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What is the climax of this play and how can Blanche, Stanley, and Stella be described...

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edi79 | Student, College Freshman | eNotes Newbie

Posted November 9, 2009 at 6:05 AM via web

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What is the climax of this play and how can Blanche, Stanley, and Stella be described with only few words? 

Who can give me a brief, but complete, description of the main characters of the play "A Streetcar Named Desire" by Tennessee Williams. 

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Michelle Ossa | College Teacher | (Level 3) Educator Emeritus

Posted November 9, 2009 at 6:22 AM (Answer #1)

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The climax of the play is when Blanche is raped by Stanley. This is the moment when the action (mostly driven by Blanche) reaches its highest peak which, ironically, is also her lowest low. She is raped and, weeks later, we find out that the outcome of the rape was that she became insane. This is certainly how the plot begins to dwindle as a result of what happnened.

The characters: Blanch, a former Souther rich woman whose loss of riches left her in a despair that most notably obvious in the need for sexual liaisons and debauchery.

Stella: A co-dependent, enabler whose addiction to sex with Stanley has left her completely defenseless and clueless in a dysfunctional marriage.

Stanley: An abusive Polish man who is also a chauvinist and an alcoholic.

Mitch: A victim of circumstances, innocent yet not dull nor dumb, and wishing to find true love.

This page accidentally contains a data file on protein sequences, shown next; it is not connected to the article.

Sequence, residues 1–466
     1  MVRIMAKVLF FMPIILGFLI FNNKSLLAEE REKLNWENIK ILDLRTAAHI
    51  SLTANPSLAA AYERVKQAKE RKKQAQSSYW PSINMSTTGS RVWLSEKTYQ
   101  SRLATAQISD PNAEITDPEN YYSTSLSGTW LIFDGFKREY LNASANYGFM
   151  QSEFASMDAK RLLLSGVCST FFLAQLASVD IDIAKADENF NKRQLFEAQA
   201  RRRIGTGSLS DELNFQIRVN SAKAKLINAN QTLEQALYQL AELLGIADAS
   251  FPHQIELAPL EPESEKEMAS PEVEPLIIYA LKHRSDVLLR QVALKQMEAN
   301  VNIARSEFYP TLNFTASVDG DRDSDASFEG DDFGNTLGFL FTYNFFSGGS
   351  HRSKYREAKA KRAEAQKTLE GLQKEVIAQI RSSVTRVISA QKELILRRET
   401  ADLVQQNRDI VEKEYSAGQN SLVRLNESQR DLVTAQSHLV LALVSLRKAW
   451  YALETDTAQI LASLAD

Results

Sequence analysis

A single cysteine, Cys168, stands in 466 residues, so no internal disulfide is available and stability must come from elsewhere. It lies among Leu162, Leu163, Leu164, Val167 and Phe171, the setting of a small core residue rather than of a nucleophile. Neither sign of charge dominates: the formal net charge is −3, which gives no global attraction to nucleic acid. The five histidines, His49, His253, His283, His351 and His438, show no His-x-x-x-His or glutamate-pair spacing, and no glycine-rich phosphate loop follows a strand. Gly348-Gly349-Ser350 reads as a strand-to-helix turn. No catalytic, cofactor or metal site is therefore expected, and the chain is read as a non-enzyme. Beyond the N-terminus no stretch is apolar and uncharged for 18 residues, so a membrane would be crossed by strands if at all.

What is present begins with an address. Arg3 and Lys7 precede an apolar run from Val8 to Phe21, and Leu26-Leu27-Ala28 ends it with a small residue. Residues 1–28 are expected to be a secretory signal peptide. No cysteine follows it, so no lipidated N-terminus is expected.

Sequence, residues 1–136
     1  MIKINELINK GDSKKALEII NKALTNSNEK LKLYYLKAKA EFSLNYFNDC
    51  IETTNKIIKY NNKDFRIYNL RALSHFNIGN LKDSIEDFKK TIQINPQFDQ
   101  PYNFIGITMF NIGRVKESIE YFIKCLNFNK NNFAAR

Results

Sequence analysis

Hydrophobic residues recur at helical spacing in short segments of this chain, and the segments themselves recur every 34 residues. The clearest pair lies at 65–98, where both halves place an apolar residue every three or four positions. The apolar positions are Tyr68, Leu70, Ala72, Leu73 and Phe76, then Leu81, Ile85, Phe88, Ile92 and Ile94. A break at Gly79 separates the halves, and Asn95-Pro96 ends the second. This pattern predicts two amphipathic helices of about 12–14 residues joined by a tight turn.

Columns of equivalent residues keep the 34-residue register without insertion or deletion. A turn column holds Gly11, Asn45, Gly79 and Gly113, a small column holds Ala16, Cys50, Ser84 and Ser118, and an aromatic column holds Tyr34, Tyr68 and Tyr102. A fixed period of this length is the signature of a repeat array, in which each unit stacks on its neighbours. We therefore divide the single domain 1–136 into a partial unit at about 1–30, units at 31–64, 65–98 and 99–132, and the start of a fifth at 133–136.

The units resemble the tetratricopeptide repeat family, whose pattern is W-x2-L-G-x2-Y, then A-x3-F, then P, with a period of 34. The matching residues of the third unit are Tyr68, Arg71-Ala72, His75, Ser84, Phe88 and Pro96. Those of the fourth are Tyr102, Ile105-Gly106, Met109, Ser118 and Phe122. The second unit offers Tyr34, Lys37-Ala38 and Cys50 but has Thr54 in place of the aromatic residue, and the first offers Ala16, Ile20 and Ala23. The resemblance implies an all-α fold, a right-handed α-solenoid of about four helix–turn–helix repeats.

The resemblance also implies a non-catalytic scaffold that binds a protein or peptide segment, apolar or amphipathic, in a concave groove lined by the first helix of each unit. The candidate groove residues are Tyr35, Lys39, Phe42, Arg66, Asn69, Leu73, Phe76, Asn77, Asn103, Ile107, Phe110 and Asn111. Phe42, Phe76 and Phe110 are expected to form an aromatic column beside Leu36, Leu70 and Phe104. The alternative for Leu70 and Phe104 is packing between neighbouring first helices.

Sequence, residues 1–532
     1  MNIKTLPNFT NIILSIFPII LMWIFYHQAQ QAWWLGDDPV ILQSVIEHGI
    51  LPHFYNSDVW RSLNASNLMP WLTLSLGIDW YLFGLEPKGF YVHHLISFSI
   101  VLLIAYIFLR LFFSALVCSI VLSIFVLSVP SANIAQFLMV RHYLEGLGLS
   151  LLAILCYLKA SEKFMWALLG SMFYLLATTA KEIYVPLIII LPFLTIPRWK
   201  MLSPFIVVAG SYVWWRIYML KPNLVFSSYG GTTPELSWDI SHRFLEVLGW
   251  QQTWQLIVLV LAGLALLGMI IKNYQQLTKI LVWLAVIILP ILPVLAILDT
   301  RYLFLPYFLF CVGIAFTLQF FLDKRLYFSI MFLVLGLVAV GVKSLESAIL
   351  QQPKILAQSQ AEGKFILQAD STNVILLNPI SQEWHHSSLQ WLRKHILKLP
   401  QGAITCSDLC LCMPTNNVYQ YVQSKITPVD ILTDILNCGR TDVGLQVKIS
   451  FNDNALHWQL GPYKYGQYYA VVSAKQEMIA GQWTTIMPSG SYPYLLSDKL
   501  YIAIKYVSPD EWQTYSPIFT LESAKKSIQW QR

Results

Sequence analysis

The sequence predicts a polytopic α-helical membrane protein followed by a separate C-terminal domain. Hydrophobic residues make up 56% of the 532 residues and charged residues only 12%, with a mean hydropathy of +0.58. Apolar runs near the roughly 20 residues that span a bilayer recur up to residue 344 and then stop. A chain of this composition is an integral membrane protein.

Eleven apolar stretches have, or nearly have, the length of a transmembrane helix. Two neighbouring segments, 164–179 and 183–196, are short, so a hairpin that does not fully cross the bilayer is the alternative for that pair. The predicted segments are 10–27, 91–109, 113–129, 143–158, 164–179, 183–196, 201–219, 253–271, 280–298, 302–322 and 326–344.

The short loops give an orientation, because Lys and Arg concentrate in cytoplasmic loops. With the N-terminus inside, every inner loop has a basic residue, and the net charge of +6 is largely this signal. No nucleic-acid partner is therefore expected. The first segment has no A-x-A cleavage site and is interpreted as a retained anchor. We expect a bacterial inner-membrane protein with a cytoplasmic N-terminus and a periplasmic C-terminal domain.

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mwestwood | College Teacher | (Level 3) Distinguished Educator

Posted November 9, 2009 at 6:35 AM (Answer #2)

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In Tennessee Williams "A Streetcar Named Desire," the major conflicts of the play revolve around Stanley Kowalski.  First, he is displeased that Blanche DuBois, sister of Stella, has come uninvited to live with her sister.  Next, he perceives that she has set up a screen between the reality of her leaving Belle Reve and what she purports.  Then, he becomes somewhat possessive of Blanche as a member of his home and resents his friend's, Mitch's, attentions towards Blanche.  These conflicts, which also represent the conflicts between the industrial Northern culture and the aristocratic Old South, come to a climax when Stanley's anger turns to physical violence and he rapes Blanche.

With the theme of class conflicts, Stanley represents the unrefined, uneducated, somewhat brutish immigrant who is part of industrial America.  Blanche and Stella, on the other hand, represent the female aristocratic tradition of the Old South challenged by increasing demands for man-power in the industrial cities.  Representative of this theme of class conflicts are Stanley's references to his courtship of Stella:

When we first met, you and me, you thought I was common.  How right you was, baby.  I was common as dirt.  You showed me the snapshot of the place with the columns [Belle Reve*].  I pulled you down off them columns and how you loved it.

Thus, the characters of Stanley, Stella, and Blanche, rather than being well-drawn characters are representative of types.

* Belle Reve (French) significantly means beautiful dream. Blanche resides in a dream world as she cannot deal with her personal conflicts.  On the other hand, Stella returns to Stanley at the end of the play to "go on living" as Tennessee Williams wrote.  She faces life and deals with it, rejecting her sister's delusions of living in the past.

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